A Ritual for a Garden

April 12, 2010

The Garden, waiting for man and spirit

The Garden, waiting for man and spirit

For thousands of years, spring has been the time of planting gardens. For most of that time, cultivation was accompanied by rituals to assure favorable growing conditions and a good harvest. We lost something when these earth-centered traditions were abandoned.

Honoring the directions

Honoring the directions

As I think about this year’s garden at Easton Mountain, I think of the forces that will make it grow: sunlight, rain, soil, human hands, and the spark of life within each seed. My mind turns to what the elements of a ritual invoking and honoring these forces might be:

  • Smudging participants and the land
  • Doing the ritual sky-clad – or having an inner circle of those choosing to remove clothing and an outer circle of those remaining clothed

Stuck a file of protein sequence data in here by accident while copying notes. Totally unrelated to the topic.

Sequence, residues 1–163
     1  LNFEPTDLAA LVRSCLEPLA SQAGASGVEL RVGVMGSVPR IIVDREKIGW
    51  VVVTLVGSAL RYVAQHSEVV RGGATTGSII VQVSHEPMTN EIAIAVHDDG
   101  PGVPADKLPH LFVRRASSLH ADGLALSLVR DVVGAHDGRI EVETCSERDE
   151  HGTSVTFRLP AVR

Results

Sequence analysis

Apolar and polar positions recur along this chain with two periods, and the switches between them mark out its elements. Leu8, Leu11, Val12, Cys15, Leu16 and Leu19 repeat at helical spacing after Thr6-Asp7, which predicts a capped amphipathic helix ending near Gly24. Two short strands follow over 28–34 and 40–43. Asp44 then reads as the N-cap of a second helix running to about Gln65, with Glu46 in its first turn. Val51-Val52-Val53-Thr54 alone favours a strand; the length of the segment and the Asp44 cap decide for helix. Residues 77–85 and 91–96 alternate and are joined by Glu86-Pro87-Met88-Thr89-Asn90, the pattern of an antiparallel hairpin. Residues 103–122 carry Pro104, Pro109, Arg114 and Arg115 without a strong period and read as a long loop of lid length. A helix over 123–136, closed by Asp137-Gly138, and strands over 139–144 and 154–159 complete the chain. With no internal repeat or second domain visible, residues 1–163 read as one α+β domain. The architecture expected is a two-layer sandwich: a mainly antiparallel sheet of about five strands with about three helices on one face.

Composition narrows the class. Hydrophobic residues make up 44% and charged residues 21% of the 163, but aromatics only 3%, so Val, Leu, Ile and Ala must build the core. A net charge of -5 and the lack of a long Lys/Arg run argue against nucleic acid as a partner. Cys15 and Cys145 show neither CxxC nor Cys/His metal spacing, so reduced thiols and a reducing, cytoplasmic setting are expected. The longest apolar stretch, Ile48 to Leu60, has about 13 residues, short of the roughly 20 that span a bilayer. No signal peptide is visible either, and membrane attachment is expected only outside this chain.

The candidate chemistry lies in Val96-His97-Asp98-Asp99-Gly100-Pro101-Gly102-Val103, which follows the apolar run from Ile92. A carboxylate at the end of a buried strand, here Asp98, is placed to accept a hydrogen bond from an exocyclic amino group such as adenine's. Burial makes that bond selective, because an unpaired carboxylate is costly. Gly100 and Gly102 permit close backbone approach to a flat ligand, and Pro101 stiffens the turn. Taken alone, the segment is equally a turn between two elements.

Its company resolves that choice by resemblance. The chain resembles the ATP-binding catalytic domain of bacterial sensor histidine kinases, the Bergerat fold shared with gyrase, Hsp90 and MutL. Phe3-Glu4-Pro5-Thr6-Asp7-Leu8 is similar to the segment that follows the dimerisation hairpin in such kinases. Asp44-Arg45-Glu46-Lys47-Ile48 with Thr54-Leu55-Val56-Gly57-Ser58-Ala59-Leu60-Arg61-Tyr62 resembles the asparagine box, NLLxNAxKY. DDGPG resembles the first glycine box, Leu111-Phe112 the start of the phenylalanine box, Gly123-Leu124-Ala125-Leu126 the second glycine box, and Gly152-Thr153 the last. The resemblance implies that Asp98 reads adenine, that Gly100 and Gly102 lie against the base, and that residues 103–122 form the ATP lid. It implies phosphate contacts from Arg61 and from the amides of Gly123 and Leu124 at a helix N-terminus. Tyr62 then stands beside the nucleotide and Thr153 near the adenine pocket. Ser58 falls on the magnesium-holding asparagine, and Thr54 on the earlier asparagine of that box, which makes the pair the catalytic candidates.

• Invoking the spirits of the directions: east, south, west, north, sky, earth and heart (center)
  • Expanding heart chakra energy to fill the garden
  • Putting blessings into water and pouring it on the earth
  • Putting prayers into tobacco and either scattering or burning it
  • Holding a seed and meditating on its life force
  • Planting the seed
  • When all seeds are planted, ending the ritual by asking permission to leave the garden so that we may attend to our other needs while the spirits care for the garden and all those who come there for renewal and healing.

May 14-16 will be a work weekend at Easton Mountain in which we will plant seeds that will grow in our plastic-covered greenhouse until the June 18-20 work weekend when the seedlings will be planted. On Saturday morning, May 15, we will have a ritual in the garden to start this work – a ritual that may incorporate some or all of the above elements.

A place to connect with nature and our deepest self.

A place to connect with nature and our deepest self.

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